By Jody McCutcheon
Northmodern, Copenhagen’s most-visited trade fair, made its annual appearance in the Bella Centre’s Crystal Hall from August 18-20, boasting an eclectic offering of creativity and sustainability to a curious, demanding public. Within that, sixteen exhibitors from twelve nations showed off their sustainably forward-thinking, award-winning ideas in science, technology and craft, all curated that French-based champion of sustainable luxury, 1.618 Paris.
Founded in 2009 by Barbara Coignet, 1.618’s moniker evokes the Golden Ratio, a mathematical representation of nature’s beauty and harmony, which fits in well with 1.618’s combination of luxury and sustainable development. Leading professionals consider the 1.618 Sustainable Luxury Guide an indispensable reference for introducing international audiences to deserving, discerning brands. Each brand found in the Guide is handpicked by 1.618 staff and represents the best in innovation, creativity, quality and sustainability.
Which brings us back to the Scandinavian trade show. Attendees enjoyed opportunities to interact with intriguing products, glimpse the future of sustainable luxury and participate in topical, dynamic debates. The following are some of the exceptional brands showcased at the three-day event.
Finnish lighting company Woodlabo emerged in 2010, inspired by our conquest of space. Their high-end wooden light fixtures resemble stars, or perhaps blazing suns, representing a manifestation of our dreams of reaching ever farther into the cosmos.
Woodlabo’s flagship fixture models are the Apollo and the Eagle, two names intimately connected with the first manned moon landing. The 100w Apollo light resembles that first vehicle’s nosecone, or command module, while the 30,000-hour LED Eagle is named after the Apollo’s lunar module.
The fixtures are constructed of wood collected from Europe’s sustainably managed forests, specifically those certified by the Programme for the Endorsement of Forest Certification. Woodlabo also walks the talk in regards to carbon emissions, exemplified this year by the organization’s implementation of a program to compensate for transportation-based carbon emissions. With its combination of inspiration, beauty and sustainability, Woodlabo is as fitting an inclusion in Northmodern as their lamps are in your house.
Back in 2006 in Morocco, the French company Edenismes-Pure Creation conceived the first Shelter brand of Nomad luxury camps, “Villa Ãƒâ€,” to promote a form of luxury tourism that’s both creative and gentle on the environment.
Shelter lets you create your own portable oasis in the desert or on water. There is also a sailing yacht version and a “SpaVilla” version with a sheltered coral garden. Each subscribes to Shelter’s sustainable philosophy. This concept of “greennovation” incorporates eco-friendly, local and green-powered materials, coral or vegetable garden sanctuaries, spa and yoga services and organic foods.
Essentially, this is luxury tourism without all the ecological hassle and natural displacement of building a big, luxury hotel. Those of you with a powerful wanderlust can pick up and move to a new location whenever you want. Now you can see the world and tread gently on it.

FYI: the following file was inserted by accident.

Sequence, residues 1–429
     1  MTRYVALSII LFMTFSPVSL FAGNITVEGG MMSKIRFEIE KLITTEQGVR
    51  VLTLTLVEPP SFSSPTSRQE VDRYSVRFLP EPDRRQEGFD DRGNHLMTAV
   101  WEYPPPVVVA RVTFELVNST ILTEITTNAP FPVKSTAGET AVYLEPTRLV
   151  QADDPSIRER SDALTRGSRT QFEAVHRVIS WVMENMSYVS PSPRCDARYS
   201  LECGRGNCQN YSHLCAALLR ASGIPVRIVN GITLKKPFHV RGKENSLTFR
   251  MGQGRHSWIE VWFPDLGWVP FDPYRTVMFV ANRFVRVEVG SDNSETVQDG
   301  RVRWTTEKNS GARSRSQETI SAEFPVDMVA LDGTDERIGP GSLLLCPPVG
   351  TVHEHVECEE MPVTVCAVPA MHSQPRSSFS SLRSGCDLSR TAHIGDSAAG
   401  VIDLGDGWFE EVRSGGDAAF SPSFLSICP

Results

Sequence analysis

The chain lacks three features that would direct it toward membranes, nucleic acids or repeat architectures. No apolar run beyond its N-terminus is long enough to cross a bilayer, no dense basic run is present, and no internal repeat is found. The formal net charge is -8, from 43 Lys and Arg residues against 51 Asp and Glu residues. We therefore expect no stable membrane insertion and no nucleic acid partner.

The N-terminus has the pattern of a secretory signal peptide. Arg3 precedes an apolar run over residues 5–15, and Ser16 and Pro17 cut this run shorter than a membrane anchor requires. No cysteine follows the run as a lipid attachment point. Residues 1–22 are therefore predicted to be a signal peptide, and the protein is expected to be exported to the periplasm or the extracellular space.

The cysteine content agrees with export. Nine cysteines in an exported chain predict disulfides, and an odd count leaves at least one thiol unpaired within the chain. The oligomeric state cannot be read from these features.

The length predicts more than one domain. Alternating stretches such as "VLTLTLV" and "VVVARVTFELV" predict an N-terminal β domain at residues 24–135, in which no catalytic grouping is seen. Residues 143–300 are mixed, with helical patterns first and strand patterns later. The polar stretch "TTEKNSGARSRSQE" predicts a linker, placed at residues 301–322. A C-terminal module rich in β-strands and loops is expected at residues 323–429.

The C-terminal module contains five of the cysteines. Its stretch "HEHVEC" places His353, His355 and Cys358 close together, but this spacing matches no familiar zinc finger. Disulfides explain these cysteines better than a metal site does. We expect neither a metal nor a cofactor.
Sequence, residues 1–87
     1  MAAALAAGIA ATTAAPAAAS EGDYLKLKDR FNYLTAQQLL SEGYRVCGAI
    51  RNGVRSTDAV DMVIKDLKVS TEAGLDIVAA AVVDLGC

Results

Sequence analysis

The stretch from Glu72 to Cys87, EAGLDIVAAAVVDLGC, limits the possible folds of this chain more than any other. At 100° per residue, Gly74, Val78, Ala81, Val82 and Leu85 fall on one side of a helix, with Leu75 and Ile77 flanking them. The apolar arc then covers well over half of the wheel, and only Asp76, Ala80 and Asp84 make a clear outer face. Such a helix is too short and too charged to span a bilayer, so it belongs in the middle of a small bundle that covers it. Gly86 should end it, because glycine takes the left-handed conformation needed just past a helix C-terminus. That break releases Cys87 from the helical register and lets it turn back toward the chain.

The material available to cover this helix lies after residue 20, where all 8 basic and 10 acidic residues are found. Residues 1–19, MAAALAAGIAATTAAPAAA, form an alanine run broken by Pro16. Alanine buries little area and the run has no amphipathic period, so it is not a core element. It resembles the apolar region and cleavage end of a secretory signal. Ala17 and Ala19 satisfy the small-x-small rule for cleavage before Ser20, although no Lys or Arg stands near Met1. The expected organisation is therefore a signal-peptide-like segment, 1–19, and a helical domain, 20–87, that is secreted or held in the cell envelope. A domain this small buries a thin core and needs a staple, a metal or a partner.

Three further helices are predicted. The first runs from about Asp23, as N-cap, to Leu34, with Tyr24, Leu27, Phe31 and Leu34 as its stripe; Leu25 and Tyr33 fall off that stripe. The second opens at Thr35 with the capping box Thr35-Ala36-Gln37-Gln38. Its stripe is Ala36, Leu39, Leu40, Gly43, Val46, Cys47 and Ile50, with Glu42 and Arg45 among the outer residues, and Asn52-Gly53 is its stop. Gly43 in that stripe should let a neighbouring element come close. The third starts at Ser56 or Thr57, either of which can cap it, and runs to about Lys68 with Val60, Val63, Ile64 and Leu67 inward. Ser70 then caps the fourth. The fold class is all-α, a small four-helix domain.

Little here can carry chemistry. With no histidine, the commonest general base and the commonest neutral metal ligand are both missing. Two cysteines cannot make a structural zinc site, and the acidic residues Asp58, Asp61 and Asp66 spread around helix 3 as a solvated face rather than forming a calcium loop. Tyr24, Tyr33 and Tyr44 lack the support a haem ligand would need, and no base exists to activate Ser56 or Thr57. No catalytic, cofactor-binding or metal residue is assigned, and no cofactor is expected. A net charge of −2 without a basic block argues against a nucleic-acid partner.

From the designer who once created wallpaper that improves indoor air quality comes an idea so revolutionary that it could change the way lamplights (among other things) are powered. Camilla Kovac started multidisciplinary Swedish business The Kovac Family in 2012 with big ideas in mind. Inspired by nature, she sought to create products with minimal environmental impact by using minimal materials; those used must be eco-friendly and easily recyclable.
Rather than crowdfunding finances, The Kovac Family chooses to “design fund.” Hence their Numbers collection: called the 25Lamp because it’s made from 25 pieces, these light fixtures are locally produced from locally sourced, sustainable materials including FSC certified oak, ash or birch, while the cords are PVC free.
The earnings from these lamps will fund Kovac’s big idea; one that’s inspired by nature’s use of light, especially with regards to creatures like marine sponges, beetles and tropical butterflies. Essentially, the concept is to create light without using electricity in a wallpaper-thin, flexible material, via a biomimetic method. With lighting accounting for up to a fifth of the electricity used in residential and commercial settings, biomimetic lighting would greatly decrease carbon dioxide emissions, not to mention costs.
Interested in a great-looking, 60’s cafe-style motorcycle? How about one with zero emissions? Congratulations! You’ve just voted for the RayVolt Cruzer, an electric pedal-assisted cycle (EPAC). Along with RayVolt’s mountain bike-style Ozone, these stylish e-bikes promote fossil fuel-free travel.
The Barcelona-based company’s name is a portmanteau of sun “ray” and the electrical unit “volt,” as well as a play on the word “revolt,” being the revolution that it is on traditional energy sources. RayVolt’s e-bikes are powered by recyclable lithium batteries that can be charged by plug-in source or by a solar-charging blanket that drapes over the bike. Furthermore, the company offers a clever recycling program: customers who recycle their old batteries receive a discounted new battery. And for every bike sold, the company will adopt one mangrove tree. Saving mangroves is important to RayVolt, as mangroves play crucial roles in their ecosystems.
RayVolt e-bike features include a limited top speed of 25kph in EPAC mode and a Moped mode with an unlimited top speed of 49kph, regenerative braking, and a smart system called Electronic Intelligent Vehicle Assistant, which offers a GPS “tourist map,” various drive modes and Bluetooth connectivity. One of the colours the Cruzer comes in identifies as British green. But even if you get it in cool grey or clockwork orange, your journey from point A to point B will still be green and clean.